How is calculus applied in engineering statics?
Mathematics courses are a major source of engineering student attrition. Many engineering students drop out before even taking an engineering course. In our previous work examining the mathematical expectations that engineering faculty have of their students, faculty claimed they don’t need most of the calculus that is taught in these high-failure prerequisite mathematics courses. We will investigate to what extent this claim is true.
While the mismatch between mathematics content and following engineering coursework is already a concern, it is often studied heuristically by talking to engineering faculty. Few rigorous studies empirically document when students actually need to use calculus knowledge in their coursework.
This study is a component of a larger effort examining what engineering faculty truly desire out of engineering mathematics education. We mapped how foundational calculus concepts are used to solve assigned problems in topics covered in the widely required Engineering Statics course. We analyzed one full semester of 84 Statics homework problems.
To create this mapping, we will use the ‘mathematics-in-use’ technique of Czocher et al. Mathematics-in-use makes an important distinction between “topics” and “concepts” and “skills”. Topics are found in tables of contents, syllabi, or at the top of lecture slides, such as “Derivative rules”. Concepts are lower-level ideas about what an object is, such as “derivatives express a rate of change”. Skills are the sequences of steps used to solve a particular type of problem, such as “how to compute the derivative of a polynomial”. The mathematics-in-use technique involves solving the statics problems in high detail, much more than would be expected from student work or an exam solution. A team of two researchers compared the calculus used in the Statics problems to a list of the skills and concepts in calculus from the mathematics education literature.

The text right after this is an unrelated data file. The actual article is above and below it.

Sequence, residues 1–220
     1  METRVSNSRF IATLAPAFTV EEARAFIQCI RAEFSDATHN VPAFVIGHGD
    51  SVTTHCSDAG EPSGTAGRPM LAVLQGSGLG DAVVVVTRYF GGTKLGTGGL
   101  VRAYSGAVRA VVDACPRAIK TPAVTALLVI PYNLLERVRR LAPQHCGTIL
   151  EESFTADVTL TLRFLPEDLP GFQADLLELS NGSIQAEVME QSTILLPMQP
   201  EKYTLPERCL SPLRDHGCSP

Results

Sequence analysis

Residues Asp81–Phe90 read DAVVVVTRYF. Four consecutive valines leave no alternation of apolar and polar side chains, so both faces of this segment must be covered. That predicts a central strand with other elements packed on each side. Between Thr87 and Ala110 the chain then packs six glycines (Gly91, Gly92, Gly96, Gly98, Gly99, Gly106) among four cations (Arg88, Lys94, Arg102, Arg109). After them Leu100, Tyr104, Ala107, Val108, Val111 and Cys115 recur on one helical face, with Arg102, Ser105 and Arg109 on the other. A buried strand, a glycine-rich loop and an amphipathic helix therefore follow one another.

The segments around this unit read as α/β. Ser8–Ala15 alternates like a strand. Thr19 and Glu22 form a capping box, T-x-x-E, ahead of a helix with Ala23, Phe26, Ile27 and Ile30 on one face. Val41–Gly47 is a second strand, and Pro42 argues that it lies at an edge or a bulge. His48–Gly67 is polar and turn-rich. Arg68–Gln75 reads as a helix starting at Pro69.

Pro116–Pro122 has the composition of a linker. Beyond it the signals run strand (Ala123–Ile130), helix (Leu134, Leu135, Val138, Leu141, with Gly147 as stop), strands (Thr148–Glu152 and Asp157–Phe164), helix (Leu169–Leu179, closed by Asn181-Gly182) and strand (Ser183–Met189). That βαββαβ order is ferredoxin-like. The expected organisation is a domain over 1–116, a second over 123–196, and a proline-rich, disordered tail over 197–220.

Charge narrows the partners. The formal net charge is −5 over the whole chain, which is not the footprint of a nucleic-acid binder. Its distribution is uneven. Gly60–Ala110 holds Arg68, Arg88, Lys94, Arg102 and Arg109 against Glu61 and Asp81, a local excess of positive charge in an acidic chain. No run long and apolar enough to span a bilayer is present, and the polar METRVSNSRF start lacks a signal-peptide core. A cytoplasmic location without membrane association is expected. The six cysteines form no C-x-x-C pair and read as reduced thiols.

The overlap between engineering statics and calculus is rather weak in the course assignments. Just 7 of 84 problems require calculus knowledge to solve. Many concepts and skills from calculus do not occur at all in statics. Integration in Statics is used more as a pre-defined relationship between variables than as a technique of summing or accumulating, and is mostly avoided through the use of centroids.
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